Northeast North America will have adequate supply of electricity this summer, even if there are extreme weather events, according to the latest assessment by the Northeast Power Coordinating Council.
The NPCC regions comprises the six New England states, plus New York, Ontario, Quebec, New Brunswick and Nova Scotia.
The region’s installed capacity is 158,400 MW, while NPCC forecasts coincident peak summer demand for the region at 105,277 MW.
One of the imponderables with demand forecasts is the weather. But even accounting for extreme events, NPCC sees northeastern North America with sufficient capacity to meet demand.
Total capacity in the region is 158,400 MW, which is basically unchanged from last year because new generation has offset retirements. The region lost about 350 MW of capacity between the summer of 2016 and the summer of 2017, says NPCC. In the same period, the region added 2,242 MW of new capacity, with more than half of the total coming from renewable resources.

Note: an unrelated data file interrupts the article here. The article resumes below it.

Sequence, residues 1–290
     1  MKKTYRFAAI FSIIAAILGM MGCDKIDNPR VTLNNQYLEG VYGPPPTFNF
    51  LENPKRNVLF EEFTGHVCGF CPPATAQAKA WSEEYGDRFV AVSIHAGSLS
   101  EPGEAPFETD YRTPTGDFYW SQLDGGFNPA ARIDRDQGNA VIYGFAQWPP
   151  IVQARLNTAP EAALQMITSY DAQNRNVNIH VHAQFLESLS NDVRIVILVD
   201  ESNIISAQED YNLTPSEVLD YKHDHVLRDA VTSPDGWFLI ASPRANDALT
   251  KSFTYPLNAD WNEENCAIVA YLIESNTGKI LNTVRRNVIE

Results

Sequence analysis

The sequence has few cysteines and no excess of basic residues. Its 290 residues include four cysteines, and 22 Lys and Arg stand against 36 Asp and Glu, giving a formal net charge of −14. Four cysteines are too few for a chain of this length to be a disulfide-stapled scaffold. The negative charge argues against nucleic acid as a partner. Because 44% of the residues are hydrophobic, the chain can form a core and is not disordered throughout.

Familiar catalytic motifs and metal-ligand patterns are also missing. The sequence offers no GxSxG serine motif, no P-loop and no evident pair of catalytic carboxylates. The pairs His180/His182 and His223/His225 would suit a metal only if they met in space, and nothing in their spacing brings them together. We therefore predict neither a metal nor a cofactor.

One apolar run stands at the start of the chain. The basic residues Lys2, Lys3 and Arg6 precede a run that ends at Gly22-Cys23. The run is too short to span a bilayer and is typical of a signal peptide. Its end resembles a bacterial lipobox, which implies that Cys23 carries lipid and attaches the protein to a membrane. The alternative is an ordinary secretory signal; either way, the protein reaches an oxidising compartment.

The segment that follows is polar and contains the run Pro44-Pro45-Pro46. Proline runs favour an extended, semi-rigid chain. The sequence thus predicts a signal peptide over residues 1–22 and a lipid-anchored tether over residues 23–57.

NPCC forecast of peak demand, meanwhile, is 1,113 MW lower than its demand forecast for last summer. The lower demand projection is influenced by factors such as the economic outlook, as well as the effects of conservation measures, efficiency improvements and demand response programs.
NPCC forecasts spare operable capacity for the region of 14,888 MW, but noted that restraints on transfer capacity between Quebec and the Maritime provinces to the rest of the region reduces that forecast to 9,330 MW.